Sophia 54 (3):343-362 (2015)

Abstract
Although Quentin Meillassoux’s philosophy desires to be postmetaphysical and posttheological, I argue in this paper that it remains structurally theological. Specifically, I argue that Meillassoux’s speculative thesis on the contingency of nature and its laws repeats at a formal level the medieval theological distinction between God’s absolute power and God’s ordained power. The first part of this paper discusses how this distinction allowed medieval theologians such as Thomas Aquinas and Duns Scotus to understand and have faith in the stable contingency of the present order of things in light of divine omnipotence. The second part of this paper discusses how Meillassoux repeats this distinction, intentionally or not, between God’s absolute power and God’s ordained power in his attempt to think the absolute contingency of the laws of nature as an effect of hyper-Chaos. Although, unlike the medieval God, Meillassoux’s hyper-Chaos remains fundamentally without reason and devoid of any moral valence, I argue in the third section of this paper that Meillassoux sneaks in an existential faith in the present and future order of things with his appeal to hope in a speculative resurrection of the dead, a move that brings him further in line with the substance of the distinction between God’s absolute power and God’s ordained power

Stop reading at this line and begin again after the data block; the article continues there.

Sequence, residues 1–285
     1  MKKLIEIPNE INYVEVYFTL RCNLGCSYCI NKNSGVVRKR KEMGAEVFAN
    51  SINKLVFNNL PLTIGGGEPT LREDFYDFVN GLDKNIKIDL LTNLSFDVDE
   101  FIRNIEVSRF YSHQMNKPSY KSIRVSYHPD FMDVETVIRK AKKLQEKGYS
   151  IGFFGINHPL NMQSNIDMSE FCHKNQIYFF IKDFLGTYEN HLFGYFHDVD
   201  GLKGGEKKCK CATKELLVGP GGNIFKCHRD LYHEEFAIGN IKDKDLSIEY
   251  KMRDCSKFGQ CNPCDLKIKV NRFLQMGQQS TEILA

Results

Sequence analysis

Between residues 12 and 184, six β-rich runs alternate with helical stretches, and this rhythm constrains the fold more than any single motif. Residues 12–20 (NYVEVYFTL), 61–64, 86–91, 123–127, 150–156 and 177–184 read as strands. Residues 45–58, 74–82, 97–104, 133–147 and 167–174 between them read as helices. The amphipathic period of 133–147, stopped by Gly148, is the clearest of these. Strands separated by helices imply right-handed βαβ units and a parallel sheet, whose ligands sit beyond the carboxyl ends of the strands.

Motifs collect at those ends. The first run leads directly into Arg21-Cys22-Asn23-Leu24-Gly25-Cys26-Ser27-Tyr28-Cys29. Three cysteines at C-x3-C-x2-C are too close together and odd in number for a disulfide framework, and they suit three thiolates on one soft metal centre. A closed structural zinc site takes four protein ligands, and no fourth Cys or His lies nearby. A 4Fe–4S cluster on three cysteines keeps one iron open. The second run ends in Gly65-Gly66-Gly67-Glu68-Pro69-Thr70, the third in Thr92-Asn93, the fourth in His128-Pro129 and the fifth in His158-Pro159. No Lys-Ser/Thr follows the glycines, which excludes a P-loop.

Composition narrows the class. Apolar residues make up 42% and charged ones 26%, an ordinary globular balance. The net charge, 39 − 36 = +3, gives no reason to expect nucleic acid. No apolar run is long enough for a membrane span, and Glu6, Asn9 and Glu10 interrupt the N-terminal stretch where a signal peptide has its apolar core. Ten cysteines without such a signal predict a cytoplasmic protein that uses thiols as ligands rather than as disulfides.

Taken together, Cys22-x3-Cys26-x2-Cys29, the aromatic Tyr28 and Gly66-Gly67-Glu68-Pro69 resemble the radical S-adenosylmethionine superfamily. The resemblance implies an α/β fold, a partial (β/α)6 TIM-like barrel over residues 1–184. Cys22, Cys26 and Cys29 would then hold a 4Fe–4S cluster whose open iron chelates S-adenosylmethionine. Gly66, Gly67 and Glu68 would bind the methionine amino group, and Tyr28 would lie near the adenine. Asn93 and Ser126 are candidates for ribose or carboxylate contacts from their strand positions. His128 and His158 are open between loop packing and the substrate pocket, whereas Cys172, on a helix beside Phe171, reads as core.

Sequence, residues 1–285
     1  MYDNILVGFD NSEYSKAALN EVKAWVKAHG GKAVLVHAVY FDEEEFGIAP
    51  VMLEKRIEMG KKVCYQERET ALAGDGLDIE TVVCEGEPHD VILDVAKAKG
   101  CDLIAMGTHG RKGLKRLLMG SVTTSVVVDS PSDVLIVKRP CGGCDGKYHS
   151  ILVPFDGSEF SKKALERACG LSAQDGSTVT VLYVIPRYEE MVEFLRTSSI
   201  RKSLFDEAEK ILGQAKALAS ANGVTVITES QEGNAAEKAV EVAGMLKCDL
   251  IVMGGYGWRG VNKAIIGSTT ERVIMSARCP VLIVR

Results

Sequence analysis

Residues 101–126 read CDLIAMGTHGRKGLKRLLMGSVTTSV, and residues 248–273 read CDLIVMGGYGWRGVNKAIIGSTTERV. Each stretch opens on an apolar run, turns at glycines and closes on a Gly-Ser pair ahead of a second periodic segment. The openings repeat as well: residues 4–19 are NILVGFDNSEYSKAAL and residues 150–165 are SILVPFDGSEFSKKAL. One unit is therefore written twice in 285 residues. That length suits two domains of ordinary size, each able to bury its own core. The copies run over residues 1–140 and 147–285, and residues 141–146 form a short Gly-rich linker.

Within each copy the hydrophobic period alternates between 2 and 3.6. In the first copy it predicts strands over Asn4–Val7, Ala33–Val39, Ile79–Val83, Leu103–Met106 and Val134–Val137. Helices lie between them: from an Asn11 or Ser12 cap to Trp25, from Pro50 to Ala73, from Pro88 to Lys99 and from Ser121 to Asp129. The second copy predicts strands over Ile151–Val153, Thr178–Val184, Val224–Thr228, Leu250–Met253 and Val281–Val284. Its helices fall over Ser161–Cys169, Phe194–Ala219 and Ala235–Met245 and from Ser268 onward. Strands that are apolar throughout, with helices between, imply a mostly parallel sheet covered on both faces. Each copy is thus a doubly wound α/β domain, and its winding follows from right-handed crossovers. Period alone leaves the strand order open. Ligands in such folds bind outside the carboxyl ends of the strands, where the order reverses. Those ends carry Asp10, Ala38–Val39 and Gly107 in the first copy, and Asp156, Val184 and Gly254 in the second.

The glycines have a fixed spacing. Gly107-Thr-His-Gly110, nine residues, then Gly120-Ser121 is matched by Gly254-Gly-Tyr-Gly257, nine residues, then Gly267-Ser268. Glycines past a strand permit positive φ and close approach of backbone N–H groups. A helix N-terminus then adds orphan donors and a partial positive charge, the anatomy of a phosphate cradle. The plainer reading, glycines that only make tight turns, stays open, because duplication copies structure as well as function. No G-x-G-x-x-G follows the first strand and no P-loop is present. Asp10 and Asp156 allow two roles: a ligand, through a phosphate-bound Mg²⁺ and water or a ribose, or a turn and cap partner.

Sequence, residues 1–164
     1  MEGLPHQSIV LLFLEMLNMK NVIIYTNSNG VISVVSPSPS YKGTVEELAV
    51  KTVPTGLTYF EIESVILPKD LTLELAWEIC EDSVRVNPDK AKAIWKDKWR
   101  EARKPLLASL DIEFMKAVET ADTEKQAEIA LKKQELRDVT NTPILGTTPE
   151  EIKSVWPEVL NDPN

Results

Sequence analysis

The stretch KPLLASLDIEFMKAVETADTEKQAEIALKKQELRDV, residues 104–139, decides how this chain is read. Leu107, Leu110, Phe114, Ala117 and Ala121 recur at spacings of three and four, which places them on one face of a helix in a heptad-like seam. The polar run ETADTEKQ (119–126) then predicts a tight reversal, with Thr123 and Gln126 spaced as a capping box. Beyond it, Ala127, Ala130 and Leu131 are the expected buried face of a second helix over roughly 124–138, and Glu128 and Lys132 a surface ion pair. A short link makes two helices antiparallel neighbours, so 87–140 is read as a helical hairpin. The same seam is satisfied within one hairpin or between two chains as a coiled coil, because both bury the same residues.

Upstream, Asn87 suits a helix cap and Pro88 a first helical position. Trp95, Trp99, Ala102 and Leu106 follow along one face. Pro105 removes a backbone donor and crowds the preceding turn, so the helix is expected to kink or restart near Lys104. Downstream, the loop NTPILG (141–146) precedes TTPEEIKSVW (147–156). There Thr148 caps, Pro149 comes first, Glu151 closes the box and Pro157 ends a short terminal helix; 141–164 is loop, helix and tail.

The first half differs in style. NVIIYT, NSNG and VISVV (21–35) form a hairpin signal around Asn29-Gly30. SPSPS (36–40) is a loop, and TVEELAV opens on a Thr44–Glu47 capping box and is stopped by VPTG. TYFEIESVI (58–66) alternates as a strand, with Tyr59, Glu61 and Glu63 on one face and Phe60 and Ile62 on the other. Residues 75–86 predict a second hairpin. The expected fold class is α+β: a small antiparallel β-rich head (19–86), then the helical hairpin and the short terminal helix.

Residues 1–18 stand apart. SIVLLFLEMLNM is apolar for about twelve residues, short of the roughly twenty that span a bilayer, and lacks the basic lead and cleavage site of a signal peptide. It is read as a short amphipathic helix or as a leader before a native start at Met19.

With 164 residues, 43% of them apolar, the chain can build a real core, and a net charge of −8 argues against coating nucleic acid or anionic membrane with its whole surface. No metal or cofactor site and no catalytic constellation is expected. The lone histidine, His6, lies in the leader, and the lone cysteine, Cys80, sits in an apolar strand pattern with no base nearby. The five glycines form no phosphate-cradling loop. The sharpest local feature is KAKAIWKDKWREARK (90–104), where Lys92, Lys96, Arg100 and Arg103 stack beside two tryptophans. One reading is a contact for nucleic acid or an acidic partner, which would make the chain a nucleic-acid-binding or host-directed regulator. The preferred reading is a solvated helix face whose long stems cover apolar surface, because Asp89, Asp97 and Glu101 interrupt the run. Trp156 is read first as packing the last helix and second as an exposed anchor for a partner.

Keywords Quentin Meillassoux  Thomas Aquinas  Duns Scotus  God’s absolute power  God’s ordained power  Hyper-Chaos  Correlationism  Metaphysics  Speculative philosophy  Contingency  Omnipotence
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DOI 10.1007/s11841-014-0449-6
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References found in this work BETA

Being and Event.Alain Badiou - 2005 - Continuum.
Hume's Revenge: À Dieu, Meillassoux?Adrian Johnston - 2011 - In Levi R. Bryant, Nick Srnicek & Graham Harman (eds.), The Speculative Turn: Continental Materialism and Realism. re.press.

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